Such paving also makes it harder to react safely a mistake when it happens, be it the fault of a person on a bicycle or a pedestrian.

The solution here is to make the crossing point more like an actual crossing — including adding tactual kerbs for people with sight issues, the removes the need for the “tram track” paving and makes it clearer to everybody that this is a crossing point. It’s not a place to linger.

Having a crossing point at the top of the bus stop shelter also causes an issue because of the lack of visibility / sightlines. It looks ok in the graphic, but what about when there’s passenger information or and advertisement posted on the bus shelter?

Transport For London guidance recommends that “the crossing will be located such that the passenger will turn left when exiting the bus to locate the crossing, when one bus is at the stop, and it is stopped in the correct place. When walking from the footway to the bus stop, the passenger turns left to locate the bus stop flag, in the standard layout.”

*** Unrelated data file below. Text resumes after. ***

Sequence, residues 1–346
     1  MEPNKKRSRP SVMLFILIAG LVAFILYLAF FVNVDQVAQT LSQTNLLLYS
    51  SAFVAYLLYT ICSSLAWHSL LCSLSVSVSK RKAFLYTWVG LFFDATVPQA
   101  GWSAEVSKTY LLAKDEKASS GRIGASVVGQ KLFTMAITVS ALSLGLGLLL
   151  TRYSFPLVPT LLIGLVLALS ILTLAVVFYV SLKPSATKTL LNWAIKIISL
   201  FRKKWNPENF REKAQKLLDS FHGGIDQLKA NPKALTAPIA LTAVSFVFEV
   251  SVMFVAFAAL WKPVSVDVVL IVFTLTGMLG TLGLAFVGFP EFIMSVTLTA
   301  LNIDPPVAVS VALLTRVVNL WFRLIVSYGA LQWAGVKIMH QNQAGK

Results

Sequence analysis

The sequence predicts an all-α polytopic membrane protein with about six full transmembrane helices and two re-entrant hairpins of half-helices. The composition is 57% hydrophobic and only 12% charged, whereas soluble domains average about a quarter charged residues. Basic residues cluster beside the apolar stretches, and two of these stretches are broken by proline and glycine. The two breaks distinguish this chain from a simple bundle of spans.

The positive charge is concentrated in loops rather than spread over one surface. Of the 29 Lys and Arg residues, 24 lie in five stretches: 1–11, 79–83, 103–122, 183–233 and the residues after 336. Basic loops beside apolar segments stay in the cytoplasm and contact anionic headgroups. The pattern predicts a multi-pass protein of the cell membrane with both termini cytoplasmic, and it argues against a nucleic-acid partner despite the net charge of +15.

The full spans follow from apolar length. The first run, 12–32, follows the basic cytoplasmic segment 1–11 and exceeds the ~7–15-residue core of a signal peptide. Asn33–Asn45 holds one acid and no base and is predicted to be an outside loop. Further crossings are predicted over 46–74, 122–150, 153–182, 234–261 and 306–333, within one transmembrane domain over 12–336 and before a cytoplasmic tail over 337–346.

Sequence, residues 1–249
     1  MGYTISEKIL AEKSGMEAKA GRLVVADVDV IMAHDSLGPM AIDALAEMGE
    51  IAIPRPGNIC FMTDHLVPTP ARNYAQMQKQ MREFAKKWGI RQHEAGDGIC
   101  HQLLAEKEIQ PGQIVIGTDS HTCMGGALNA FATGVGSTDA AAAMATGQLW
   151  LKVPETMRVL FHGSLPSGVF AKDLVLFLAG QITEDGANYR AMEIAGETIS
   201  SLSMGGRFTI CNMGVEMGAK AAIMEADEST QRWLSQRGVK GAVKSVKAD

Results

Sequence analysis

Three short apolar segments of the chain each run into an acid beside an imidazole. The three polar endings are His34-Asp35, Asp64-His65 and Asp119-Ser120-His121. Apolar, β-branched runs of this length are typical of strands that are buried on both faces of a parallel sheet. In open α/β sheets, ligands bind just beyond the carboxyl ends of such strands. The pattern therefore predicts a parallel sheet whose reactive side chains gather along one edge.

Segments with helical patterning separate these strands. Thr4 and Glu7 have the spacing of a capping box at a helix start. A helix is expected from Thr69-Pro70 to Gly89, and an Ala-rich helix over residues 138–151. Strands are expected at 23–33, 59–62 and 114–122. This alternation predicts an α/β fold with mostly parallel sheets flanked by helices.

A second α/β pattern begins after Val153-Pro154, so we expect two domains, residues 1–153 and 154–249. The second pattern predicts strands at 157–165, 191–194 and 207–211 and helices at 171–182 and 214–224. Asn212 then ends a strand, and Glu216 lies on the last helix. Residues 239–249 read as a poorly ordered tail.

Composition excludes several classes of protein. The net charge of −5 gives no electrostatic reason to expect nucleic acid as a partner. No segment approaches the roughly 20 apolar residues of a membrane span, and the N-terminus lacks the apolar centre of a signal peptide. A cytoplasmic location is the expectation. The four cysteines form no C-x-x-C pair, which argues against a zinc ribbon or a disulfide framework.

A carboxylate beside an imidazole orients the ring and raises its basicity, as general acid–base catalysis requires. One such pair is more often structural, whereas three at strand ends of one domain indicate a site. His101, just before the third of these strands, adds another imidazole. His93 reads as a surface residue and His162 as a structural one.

Dublin City Council are right to be taking extra care to design cycle paths around bus stops, but as outlined above, overengineering can also be problematic.


  1. thank you Cian for a very in depth look at the design which was done without consultation with the disability community either. There are a lot of issues with the design noted by yourself but one of the bigger ones will be in the actual track areas you will need at least 6 meters of space 2 meters for footpath cycle track and bus island as a minimum on each which is hard to place along a lot of the route.